School bus fleet maintenance managers face challenges in trying to control costs that continue to rise sometimes as much as four times a year.
Costs are increasing very quickly for tires, emission systems, labor, and many other parts. The maintenance manager can no longer find ways to reduce year over year actual cost or maintain the year over year margin of the total budget relative to transportation operating costs.
In many cases, at the highest district administrative level, costs are measured by general ledger accounting established by how finance wants to code expenses for payment. Then they compare those costs against a one-year old department budget with the higher forces wanting to see lower operating expenses.
Fleet maintenance managers must justify reality with a new generation of mangers who perceive value by measuring charts, graphs, predictions, and cost benchmarking – all in a way to reduce costs or fix the perceived problem on a short-term, cost-cutting basis, without any consideration for performance benchmarking.
Does this sound familiar: A new transportation manager is told that his/her responsibility includes the maintenance department, yet maintenance is not his/her forte – their expertise is organization from behind the desk, assisted by computer programs, and may even include charts on the wall. They have been hired by a school administrator, with similar thought processes who is also driven by numbers, who has been unhappy for years with the condition of the fleet, maintenance facility costs, service disruptions, as well as other missed operational opportunities. So, the new manager’s style and approach is to measure cost – make charts and graphs. His boss is happy because now they both can look at the same reports and both conclude that the costs are too high. They are not meeting the budget so they plan to drive cost out without seeing in real life where the money is being spent, such as the performance upkeep for an aging fleet of school buses with only a sprinkling of new 2018 units within it.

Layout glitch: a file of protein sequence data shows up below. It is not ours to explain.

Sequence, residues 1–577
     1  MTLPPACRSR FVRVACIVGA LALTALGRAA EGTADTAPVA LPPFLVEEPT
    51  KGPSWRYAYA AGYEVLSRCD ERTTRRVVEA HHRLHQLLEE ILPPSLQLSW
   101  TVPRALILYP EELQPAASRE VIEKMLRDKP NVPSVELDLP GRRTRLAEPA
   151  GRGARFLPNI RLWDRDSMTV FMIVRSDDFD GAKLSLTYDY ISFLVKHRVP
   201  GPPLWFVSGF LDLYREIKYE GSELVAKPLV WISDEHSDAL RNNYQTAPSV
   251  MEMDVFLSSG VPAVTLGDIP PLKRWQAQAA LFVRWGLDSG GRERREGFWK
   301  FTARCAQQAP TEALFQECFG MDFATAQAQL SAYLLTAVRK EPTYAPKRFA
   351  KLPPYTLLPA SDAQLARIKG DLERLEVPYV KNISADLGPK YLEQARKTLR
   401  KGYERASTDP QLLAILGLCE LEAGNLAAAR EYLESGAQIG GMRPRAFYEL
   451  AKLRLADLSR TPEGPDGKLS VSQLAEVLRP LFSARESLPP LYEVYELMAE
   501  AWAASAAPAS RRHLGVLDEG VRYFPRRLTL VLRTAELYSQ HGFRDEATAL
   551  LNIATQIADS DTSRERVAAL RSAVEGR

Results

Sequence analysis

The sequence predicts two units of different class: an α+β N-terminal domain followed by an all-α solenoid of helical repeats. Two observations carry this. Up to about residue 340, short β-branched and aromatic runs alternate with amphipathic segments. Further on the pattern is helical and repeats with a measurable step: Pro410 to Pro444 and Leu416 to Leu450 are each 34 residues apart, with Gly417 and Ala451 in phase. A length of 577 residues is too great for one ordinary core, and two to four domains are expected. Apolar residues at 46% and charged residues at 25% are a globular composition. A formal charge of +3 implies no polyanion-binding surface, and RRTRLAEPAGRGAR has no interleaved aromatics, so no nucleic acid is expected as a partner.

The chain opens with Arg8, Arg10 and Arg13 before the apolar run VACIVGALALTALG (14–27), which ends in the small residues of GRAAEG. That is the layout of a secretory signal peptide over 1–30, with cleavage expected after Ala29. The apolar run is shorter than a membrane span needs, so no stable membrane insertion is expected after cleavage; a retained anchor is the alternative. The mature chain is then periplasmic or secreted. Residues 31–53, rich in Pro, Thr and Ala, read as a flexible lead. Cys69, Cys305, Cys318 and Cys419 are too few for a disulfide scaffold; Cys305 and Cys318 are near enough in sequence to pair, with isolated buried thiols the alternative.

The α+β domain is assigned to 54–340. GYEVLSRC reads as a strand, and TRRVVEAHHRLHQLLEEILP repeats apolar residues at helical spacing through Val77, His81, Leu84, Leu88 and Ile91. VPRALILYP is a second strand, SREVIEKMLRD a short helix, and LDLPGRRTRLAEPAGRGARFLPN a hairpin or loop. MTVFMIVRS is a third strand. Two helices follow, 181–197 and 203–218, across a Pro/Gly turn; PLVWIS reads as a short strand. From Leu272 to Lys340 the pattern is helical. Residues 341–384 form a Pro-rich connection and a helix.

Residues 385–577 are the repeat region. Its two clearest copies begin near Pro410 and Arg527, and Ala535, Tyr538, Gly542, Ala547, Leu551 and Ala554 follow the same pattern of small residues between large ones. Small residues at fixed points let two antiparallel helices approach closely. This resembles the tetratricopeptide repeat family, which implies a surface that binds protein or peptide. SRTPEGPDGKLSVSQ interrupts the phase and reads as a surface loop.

If this can happen you will soon get to a point where no one cares or knows about the needs of the maintenance department, what it’s going to take to keep the bus fleet safe for 12 years of vehicle life, how you are going to do it, or how much money it will really cost?
What truly works though, are the basic simplified methods: A prescribed fleet replacement plan supported by a good maintenance policy, with a defined process and efficient practices. Then an administration add-on of non-burdening “micro-measurement” through charts and graphs is only required to understand the effectiveness of the maintenance process – not control it. If you fix the three “P” basic issues, then the numbers fall into line.
While you must measure, you must also understand each other’s thought process and work jointly – Board, Administration and Transportation. All must work towards the common goal of being the safest and most cost-effective school bus maintenance provider.
Value and understand the fleet manager’s position. They are the one who should manage the cost of life cycle maintenance, not continue to defend the maintenance department by the minute, in lieu of budget cost-reduction efforts.
There is no more room at the top for fleet transportation staff who know how to fix buses but not necessarily how to measure the maintenance process. This is the never-ending challenge: Make the repairs fit the numbers.
Robert Pudlewski is STN’s technical editor with more than 40 years of experience in the school bus industry. He is the retired vice president of fleet operations, procurement and maintenance for Laidlaw and is a member of the National School Transportation Association Hall of Fame.
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